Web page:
A single-degree-of-freedom mathematical model for describing vortex-induced response of a structure at "lock-in" includes certain aeroelastic parameters that need to be extracted from wind tunnel tests. The methods available in the literature for extraction of these parameters have certain limitations that inhibit accuracy in the extracted parameters of certain bluff-body sections. In the work reported herein, a new approach, which can be universally applied for the identification of vortex-shedding parameters even in turbulent-flow situations, has been proposed based on the concepts of invariant imbedding and nonlinear filtering theory. The new approach has been verified through experiments in the wind tunnel for both smooth and turbulent flow situations. The classical case of a circular cylinder has been employed to verify the accuracy of the approach. Experiments were also conducted with a circular-cylindrical section (rough surface) and two bridge-deck configurations to test the new approach on different types of cross sections.

A model is presented for predicting the across-wind response of constant-diameter circular cylinders vibrating in a mode of uniform amplitude and subject to uniform flow. A key feature of the model is the representation of all motion-dependent phenomena by a nonlinear aerodynamic damping force. This force coexists with the fluctuating force which arises from vortex shedding on a stationary cylinder, and the two forces are assumed to be uncorrelated.The ability of the device used in representing the motion-induced force to model certain aeroelastic characteristics associated with vibrating cylinders is demonstrated. The device is shown to be capable of successfully reproducing two effects; namely, the increase of the spanwise correlation of forces with increasing amplitude, and the phenomenon of “lock in” where the shedding frequency is apparently dictated by the vibration frequency.The model is developed within the framework of random-vibration theory, and a number of simplifying assumptions are necessary to incorporate the nonlinear aerodynamic damping force and also to account for the influence of turbulence. Numerical experiments, undertaken to examine the nature of the approximations involved in the assumptions adopted, are described. The results of the numerical experiments are very encouraging and justify the simplifications made in the modelling process.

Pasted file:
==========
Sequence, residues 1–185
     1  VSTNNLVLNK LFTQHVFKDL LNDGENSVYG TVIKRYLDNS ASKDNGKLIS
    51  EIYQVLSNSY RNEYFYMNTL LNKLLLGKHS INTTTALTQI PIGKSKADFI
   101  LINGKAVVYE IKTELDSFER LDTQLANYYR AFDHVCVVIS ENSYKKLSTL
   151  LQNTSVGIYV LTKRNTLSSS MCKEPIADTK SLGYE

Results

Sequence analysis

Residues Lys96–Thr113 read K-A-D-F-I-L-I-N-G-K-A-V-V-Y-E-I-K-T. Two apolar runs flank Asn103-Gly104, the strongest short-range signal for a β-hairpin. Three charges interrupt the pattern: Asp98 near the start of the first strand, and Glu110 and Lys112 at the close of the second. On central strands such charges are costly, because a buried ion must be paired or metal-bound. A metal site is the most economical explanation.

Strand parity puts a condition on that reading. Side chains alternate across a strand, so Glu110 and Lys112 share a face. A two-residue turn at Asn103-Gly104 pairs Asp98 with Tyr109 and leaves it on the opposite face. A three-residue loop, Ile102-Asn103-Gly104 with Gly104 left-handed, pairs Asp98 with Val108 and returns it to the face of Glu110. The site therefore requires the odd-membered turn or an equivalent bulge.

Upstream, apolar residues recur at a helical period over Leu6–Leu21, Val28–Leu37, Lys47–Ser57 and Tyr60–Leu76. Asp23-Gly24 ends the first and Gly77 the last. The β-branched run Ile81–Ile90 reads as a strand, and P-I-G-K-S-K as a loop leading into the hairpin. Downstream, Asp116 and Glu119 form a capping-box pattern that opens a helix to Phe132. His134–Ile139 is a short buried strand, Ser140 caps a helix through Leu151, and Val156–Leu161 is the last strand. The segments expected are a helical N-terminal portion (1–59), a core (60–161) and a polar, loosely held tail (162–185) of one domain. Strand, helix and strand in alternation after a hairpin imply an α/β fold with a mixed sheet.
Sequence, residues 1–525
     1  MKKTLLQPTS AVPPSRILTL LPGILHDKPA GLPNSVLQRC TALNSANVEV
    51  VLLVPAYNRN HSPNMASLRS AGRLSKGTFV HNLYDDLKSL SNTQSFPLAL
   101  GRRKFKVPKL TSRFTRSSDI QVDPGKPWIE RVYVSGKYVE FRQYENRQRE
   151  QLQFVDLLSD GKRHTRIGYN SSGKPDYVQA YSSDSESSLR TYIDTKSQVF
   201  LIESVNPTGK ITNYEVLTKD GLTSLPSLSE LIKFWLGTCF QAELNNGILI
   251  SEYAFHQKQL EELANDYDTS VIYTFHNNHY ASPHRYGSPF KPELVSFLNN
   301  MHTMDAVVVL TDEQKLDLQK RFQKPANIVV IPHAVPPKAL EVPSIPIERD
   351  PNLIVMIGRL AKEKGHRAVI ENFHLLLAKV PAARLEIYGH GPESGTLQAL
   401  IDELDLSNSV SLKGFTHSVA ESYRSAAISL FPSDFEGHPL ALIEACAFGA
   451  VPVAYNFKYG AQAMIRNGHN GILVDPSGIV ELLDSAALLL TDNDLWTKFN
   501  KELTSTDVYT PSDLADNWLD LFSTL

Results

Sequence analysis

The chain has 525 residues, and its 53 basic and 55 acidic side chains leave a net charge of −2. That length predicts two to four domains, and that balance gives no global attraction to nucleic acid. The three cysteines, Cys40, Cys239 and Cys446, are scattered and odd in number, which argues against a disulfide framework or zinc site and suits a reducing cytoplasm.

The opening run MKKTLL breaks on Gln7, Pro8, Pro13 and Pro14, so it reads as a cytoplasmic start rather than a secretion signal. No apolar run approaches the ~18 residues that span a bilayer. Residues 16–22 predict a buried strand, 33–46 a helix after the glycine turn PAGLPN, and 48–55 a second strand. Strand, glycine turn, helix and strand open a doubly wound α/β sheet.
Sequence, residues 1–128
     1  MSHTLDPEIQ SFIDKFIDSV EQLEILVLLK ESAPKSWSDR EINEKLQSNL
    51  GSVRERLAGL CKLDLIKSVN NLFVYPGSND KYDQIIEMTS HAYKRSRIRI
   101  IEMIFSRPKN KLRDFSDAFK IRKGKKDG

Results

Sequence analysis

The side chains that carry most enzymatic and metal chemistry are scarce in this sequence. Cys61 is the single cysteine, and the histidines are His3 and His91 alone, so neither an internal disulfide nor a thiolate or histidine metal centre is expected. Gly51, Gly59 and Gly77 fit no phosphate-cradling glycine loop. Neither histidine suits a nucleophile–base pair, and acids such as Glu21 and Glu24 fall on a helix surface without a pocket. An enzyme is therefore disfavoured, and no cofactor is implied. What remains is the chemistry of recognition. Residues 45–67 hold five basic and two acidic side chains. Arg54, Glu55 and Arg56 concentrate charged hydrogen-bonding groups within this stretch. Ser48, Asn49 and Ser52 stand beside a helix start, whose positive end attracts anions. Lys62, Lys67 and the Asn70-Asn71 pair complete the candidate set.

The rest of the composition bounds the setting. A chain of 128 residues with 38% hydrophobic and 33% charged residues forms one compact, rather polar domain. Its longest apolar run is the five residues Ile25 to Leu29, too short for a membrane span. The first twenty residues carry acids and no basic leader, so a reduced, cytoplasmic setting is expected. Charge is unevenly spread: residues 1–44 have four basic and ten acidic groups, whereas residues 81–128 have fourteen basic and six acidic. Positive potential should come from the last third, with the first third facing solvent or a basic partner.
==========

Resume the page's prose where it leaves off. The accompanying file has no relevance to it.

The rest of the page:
Wake-body interactions for a two-dimensional structural angle member during stationary and vortex induced oscillatory conditions are studied using a conventional low turbulence wind tunnel. The response of an angle section with combined plunging and torsion indicates that the oscillations occur essentially in one of the two degrees of freedom. The measurements of frequency and phase substantiated this observation. The plunging resonance exhibits the familiar vortex capture phenomenon where the shedding frequency is controlled by the cylinder motion over a finite wind speed range. On the other hand, the torsional vibration shows a vortex control phenomenon where the vortex shedding governs the frequency of oscillation. The vortex induced torsional resonance was found to be severe even at moderate damping levels. The results should prove useful in structural designs such as high voltage transmission towers, antenna masts, bridges, etc. where angle sections are often used as secondary members.